‘Earthquake Ready’ Burnside Bridge Project moves forward – Inergency
Construction to replace the iconic bridge can begin as early as 2027
PORTLAND, Ore. (KOIN) – Multnomah County’s Earthquake Ready Burnside Bridge Project is moving into its next phase after receiving federal approval on Friday.
After reviewing the project’s environmental impact statement, the Federal Highway Administration gave its approval — marking the end of the project’s environmental review phase — which began in 2019 — and the start of the design phase.
The project comes as no vehicular bridges crossing the Willamette River might be immediately usable after a major earthquake, according to Multnomah County.
“This is an important step for the project as we head into the Design Phase,” said Megan Neill, Multnomah County Design Phase Project Manager. “We are excited for what’s to come this year as we ask for community input on important design decisions that will influence the future of the bridge.”
During the design phase, the project team will work with several groups, including engineers, architects, and other agencies to look into aesthetic plans, structural components, costs, and long-term maintenance needs.
The team will also work with the Community Design Advisory Group — which is made up of community members — to provide input on structure and railing types, concrete finishes, and lighting.
Additionally, officials will announce opportunities for community input on the bridge design.
After design plans are complete, the project can move into construction, which can start as early as 2027, Multnomah County says.
The project aims to replace the Burnside Bridge with a bridge that will withstand a Cascadia Subduction Zone quake — which is expected in the zone every 300-500 years.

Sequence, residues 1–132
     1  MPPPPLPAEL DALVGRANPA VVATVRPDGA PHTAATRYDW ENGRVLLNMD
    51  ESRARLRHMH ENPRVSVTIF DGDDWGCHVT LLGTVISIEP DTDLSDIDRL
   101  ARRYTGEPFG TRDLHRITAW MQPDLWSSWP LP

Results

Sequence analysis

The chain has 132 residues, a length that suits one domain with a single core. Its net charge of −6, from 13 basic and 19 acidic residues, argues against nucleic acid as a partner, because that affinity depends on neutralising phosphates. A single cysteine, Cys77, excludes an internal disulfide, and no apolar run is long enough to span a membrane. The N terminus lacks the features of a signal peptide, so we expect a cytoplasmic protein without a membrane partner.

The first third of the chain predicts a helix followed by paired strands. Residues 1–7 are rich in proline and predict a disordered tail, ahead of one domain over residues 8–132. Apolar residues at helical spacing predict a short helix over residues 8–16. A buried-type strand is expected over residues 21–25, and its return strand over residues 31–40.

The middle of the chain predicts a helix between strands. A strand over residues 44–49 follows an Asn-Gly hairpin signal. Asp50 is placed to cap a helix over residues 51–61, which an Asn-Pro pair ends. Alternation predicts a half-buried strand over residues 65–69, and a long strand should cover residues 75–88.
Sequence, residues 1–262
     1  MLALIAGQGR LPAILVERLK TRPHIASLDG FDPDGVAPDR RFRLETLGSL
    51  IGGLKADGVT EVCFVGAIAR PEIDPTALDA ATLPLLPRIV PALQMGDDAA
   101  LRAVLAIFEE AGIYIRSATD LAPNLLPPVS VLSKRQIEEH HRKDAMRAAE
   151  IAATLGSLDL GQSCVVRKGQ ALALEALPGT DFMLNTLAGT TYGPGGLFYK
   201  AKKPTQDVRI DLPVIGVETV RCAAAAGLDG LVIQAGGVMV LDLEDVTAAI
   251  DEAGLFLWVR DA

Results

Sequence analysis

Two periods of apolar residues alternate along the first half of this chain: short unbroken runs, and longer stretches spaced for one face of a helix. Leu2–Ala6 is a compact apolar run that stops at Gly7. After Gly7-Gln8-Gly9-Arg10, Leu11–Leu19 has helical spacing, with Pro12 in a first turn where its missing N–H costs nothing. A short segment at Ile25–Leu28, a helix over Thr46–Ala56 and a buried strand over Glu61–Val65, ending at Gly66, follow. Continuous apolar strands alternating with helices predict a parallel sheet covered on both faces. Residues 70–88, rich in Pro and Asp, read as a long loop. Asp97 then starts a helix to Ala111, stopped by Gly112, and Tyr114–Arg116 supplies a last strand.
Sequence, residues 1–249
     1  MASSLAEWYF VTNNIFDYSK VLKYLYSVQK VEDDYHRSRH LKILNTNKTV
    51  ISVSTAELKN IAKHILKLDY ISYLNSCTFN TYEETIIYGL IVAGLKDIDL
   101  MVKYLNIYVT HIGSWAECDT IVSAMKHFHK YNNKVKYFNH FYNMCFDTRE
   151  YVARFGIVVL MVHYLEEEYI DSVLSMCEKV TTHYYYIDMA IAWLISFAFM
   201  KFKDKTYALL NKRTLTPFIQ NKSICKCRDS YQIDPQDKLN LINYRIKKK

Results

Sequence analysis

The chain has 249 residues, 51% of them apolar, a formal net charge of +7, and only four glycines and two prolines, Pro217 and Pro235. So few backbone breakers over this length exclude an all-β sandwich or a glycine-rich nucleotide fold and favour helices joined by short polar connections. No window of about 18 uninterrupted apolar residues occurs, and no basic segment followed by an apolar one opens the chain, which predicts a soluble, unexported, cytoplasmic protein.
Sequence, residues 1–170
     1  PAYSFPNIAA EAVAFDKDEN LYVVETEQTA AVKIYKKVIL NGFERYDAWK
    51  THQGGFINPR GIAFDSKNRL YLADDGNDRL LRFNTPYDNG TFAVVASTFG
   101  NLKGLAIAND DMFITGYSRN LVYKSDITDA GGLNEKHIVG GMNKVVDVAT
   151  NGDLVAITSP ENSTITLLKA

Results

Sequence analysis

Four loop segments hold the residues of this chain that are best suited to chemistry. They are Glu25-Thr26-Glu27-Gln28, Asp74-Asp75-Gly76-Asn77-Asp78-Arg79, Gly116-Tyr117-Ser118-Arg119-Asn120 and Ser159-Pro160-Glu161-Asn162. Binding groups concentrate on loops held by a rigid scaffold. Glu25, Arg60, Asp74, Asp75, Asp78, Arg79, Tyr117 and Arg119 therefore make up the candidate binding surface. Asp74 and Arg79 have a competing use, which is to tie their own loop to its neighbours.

January 26, 2024, marked the 324th anniversary of the last Cascadia Subduction Zone earthquake — a massive magnitude 9 quake spanning Northern California to British Columbia.
As pressure builds between the Juan de Fuca plate and the North American Plate, Oregon’s Office of Emergency Management says there’s about a 37% chance of a megathrust earthquake in the Cascadia Subduction Zone in the next 50 years.
The office warns “With the current preparedness levels of Oregon, we can anticipate being without services and assistance for at least two weeks, if not longer, when the Cascadia Subduction Zone earthquake occurs.”
In an interview with KOIN 6 News in January, Diego Melgar — the director of University of Oregon’s Cascadia Region Earthquake Science Center — explained the importance of improving infrastructure ahead of the next Cascadia Subduction Zone earthquake.
“I like to tell people that it can be scary to think about what this big event is going to look like, and I want people to focus less on that because it is scary. I don’t dispute that. But there’s so much that we can do to prepare. If we get our buildings up to code, if we get our bridges stiffened up, if we get our schools moved out of tsunami inundation zones, even if it does happen, while that moment when it happens is going to be scary, if we’ve prepared adequately, we should do okay,” Melgar said.
He added, “I’ll remind people that in Japan, in 2011, they had a magnitude nine earthquake, and there were very, very few building collapses. We know how to build buildings that can withstand earthquakes. It’s just up to us to get it done.”
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